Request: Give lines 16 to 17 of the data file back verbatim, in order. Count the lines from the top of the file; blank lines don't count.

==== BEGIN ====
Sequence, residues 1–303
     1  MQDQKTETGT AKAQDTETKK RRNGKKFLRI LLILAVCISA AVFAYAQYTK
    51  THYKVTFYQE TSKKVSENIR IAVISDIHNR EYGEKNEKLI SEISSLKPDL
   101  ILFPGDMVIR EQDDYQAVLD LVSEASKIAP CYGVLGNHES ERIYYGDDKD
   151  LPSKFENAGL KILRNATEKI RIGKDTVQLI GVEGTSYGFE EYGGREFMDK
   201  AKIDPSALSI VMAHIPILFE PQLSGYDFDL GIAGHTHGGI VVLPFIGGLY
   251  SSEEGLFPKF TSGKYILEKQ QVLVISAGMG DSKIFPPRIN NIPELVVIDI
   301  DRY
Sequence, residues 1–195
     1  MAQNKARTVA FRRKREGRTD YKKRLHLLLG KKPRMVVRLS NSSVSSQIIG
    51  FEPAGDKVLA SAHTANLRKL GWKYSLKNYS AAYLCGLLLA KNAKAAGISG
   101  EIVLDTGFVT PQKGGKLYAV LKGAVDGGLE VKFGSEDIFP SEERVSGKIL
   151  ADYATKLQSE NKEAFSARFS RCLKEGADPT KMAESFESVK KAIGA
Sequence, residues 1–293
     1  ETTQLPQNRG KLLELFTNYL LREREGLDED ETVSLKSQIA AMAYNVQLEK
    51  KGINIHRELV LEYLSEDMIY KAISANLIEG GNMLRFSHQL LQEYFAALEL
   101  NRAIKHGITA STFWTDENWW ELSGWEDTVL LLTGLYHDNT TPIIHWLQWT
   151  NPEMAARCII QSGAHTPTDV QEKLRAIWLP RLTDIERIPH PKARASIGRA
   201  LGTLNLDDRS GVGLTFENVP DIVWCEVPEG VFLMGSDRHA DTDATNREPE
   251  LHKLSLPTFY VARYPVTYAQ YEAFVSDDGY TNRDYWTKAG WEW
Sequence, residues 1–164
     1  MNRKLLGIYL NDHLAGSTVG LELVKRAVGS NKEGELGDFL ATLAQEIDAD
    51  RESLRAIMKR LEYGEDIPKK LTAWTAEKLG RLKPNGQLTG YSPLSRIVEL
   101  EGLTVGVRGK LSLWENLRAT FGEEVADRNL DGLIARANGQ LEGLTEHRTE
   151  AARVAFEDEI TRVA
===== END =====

    51  KGINIHRELV LEYLSEDMIY KAISANLIEG GNMLRFSHQL LQEYFAALEL
   101  NRAIKHGITA STFWTDENWW ELSGWEDTVL LLTGLYHDNT TPIIHWLQWT